One powerful theme in complexity theory and pseudorandomness in the past few decades has been the use of lower bounds to give pseudorandom generators (PRGs). However, the general results using this hardness vs. randomness paradigm suffer from a quantitative loss in parameters, and hence do not give nontrivial implications for models where we don’t know superpolynomial lower bounds but do know lower bounds of a fixed polynomial. We show that when such lower bounds are proved using random restrictions, we can construct PRGs which are essentially best possible without in turn improving the lower bounds. More specifically, say that a circuit family has shrinkage exponent Γ if a random restriction leaving a p fraction of variables unset shrinks the size of any circuit in the family by a factor of p Γ + o (1) . Our PRG uses a seed of length s 1/(Γ + 1) + o (1) to fool circuits in the family of size s . By using this generic construction, we get PRGs with polynomially small error for the following classes of circuits of size s and with the following seed lengths: (1) For de Morgan formulas, seed length s 1/3+ o (1) ; (2) For formulas over an arbitrary basis, seed length s 1/2+ o (1) ; (3) For readonce de Morgan formulas, seed length s .234... ; (4) For branching programs of size s , seed length s 1/2+ o (1) . The previous best PRGs known for these classes used seeds of length bigger than n /2 to output n bits, and worked only for size s = O ( n ) [8].
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Fooling ConstantDepth Threshold Circuits (Extended Abstract)
We present new constructions of pseudorandom generators (PRGs) for two of the most widely studied nonuniform circuit classes in complexity theory. Our main result is a construction of the first nontrivial PRG for linear threshold (LTF) circuits of arbitrary constant depth and superlinear size. This PRG fools circuits with depth d∈N and n1+δ wires, where δ=2−O(d) , using seed length O(n1−δ) and with error 2−nδ . This tightly matches the best known lower bounds for this circuit class. As a consequence of our result, all the known hardness for LTF circuits has now effectively been translated into pseudorandomness. This brings the extensive effort in the last decade to construct PRGs and deterministic circuitanalysis algorithms for this class to the point where any subsequent improvement would yield breakthrough lower bounds. Our second contribution is a PRG for De Morgan formulas of size s whose seed length is s1/3+o(1)⋅polylog(1/ϵ) for error ϵ . In particular, our PRG can fool formulas of subcubic size s=n3−Ω(1) with an exponentially small error ϵ=exp(−nΩ(1)) . This significantly improves the inversepolynomial error of the previous stateoftheart for such formulas by Impagliazzo, Meka, and Zuckerman (FOCS 2012, JACM 2019), and again tightly matches the best currentlyknown lower bounds for this class. In both settings, a key ingredient in our constructions is a pseudorandom restriction procedure that has tiny failure probability, but simplifies the function to a nonnatural “hybrid computational model” that combines several computational models.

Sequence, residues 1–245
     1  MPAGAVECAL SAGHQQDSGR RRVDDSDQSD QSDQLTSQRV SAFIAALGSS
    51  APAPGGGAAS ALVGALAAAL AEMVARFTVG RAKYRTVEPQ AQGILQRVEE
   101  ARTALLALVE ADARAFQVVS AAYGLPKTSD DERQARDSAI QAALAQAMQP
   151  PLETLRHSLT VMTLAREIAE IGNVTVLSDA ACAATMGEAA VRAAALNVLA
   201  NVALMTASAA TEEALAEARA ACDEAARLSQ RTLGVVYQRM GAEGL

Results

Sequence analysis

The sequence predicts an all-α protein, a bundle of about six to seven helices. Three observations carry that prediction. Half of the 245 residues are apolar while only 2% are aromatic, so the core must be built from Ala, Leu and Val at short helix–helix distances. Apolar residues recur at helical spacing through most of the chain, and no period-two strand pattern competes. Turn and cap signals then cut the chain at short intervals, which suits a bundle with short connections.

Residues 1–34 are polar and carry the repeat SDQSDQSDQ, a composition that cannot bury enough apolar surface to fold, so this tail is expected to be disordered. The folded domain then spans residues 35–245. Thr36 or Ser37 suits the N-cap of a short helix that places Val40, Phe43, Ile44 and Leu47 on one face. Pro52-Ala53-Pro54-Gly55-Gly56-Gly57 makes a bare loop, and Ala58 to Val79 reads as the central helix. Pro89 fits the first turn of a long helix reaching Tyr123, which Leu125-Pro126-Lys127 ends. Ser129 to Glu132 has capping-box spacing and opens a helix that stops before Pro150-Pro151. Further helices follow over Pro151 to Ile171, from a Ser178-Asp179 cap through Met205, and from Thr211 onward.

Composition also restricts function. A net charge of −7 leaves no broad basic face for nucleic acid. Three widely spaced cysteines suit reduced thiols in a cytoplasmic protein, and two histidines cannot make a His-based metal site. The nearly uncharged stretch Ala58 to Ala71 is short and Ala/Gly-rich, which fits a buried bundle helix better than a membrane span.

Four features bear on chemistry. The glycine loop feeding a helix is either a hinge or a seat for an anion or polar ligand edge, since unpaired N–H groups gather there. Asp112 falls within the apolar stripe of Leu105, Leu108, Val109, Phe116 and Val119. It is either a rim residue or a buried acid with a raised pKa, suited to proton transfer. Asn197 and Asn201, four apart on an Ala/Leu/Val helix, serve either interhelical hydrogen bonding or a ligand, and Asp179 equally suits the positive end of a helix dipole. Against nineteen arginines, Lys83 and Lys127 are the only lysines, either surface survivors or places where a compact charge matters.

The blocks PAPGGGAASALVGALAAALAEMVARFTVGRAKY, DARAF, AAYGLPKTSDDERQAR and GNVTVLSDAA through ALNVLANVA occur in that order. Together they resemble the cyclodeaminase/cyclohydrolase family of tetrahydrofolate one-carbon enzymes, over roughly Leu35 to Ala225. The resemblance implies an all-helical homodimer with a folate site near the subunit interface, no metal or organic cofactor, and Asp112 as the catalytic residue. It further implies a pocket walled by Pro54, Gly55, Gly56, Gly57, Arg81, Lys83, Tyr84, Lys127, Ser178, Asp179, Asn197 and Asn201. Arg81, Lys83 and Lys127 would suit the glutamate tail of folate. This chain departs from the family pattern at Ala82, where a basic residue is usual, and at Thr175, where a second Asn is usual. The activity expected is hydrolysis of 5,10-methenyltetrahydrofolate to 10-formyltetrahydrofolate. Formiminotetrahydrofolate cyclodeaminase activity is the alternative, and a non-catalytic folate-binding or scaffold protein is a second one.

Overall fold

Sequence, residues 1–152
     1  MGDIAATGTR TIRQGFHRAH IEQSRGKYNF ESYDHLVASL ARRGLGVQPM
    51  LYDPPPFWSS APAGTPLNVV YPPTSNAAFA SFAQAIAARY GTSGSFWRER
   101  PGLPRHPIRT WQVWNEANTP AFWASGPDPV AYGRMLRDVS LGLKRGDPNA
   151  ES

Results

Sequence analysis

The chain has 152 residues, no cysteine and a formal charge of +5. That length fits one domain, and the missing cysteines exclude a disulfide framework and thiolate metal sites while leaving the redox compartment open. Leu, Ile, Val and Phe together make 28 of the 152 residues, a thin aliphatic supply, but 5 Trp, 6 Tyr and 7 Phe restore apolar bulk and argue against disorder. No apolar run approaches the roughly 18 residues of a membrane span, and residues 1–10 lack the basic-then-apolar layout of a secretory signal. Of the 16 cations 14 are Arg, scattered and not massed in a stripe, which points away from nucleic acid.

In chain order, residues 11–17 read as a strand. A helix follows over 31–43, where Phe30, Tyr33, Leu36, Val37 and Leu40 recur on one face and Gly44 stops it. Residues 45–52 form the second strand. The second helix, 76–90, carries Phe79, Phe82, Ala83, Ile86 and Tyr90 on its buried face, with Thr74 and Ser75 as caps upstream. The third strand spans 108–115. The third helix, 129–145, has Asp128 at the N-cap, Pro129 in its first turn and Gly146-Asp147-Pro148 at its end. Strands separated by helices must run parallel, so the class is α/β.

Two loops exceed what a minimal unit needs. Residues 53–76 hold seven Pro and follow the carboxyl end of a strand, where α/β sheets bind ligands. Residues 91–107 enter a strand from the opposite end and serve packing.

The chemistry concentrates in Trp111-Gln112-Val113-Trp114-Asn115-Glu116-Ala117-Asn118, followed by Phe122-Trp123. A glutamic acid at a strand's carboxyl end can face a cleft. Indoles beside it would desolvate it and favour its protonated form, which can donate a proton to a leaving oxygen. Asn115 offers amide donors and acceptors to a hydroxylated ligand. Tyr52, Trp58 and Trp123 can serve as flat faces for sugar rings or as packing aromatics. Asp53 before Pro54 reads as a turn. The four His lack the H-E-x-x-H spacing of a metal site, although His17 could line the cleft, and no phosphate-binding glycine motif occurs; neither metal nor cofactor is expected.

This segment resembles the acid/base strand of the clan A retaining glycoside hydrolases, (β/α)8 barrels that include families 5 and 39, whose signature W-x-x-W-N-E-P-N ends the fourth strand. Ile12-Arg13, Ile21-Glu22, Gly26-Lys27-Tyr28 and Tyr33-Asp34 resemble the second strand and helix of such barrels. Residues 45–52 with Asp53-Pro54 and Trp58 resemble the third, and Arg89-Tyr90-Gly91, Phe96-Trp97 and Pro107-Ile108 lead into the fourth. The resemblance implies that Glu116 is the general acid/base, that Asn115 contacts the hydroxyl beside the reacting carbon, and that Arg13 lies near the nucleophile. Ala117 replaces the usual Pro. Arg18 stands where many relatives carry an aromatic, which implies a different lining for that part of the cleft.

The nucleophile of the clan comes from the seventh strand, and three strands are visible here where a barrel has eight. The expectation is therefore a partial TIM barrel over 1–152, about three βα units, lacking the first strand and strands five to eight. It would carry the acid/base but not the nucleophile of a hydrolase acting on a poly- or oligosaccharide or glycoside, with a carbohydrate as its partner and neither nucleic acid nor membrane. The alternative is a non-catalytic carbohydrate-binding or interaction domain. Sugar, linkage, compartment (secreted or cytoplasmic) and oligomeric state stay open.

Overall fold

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 Award ID(s):
 1947546
 NSFPAR ID:
 10384268
 Date Published:
 Journal Name:
 Annual Symposium on Foundations of Computer Science
 Page Range / eLocation ID:
 104 to 115
 Format(s):
 Medium: X
 Sponsoring Org:
 National Science Foundation
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One powerful theme in complexity theory and pseudorandomness in the past few decades has been the use of lower bounds to give pseudorandom generators (PRGs). However, the general results using this hardness vs. randomness paradigm suffer from a quantitative loss in parameters, and hence do not give nontrivial implications for models where we don't know superpolynomial lower bounds but do know lower bounds of a fixed polynomial. We show that when such lower bounds are proved using random restrictions, we can construct PRGs that are essentially best possible without in turn improving the lower bounds. More specifically, say that a circuit family has shrinkage exponent Gamma if a random restriction leaving a p fraction of variables unset shrinks the size of any circuit in the family by a factor of p^{Gamma + o(1)}. Our PRG uses a seed of length s^{1/(Gamma + 1) + o(1)} to fool circuits in the family of size s. By using this generic construction, we get PRGs with polynomially small error for the following classes of circuits of size s and with the following seed lengths: 1. For de Morgan formulas, seed length s^{1/3+o(1)}; 2. For formulas over an arbitrary basis, seed length s^{1/2+o(1)}; 3. For readonce de Morgan formulas, seed length s^{.234...}; 4. For branching programs of size s, seed length s^{1/2+o(1)}. The previous best PRGs known for these classes used seeds of length bigger than n/2 to output n bits, and worked only when the size s=O(n).more » « less

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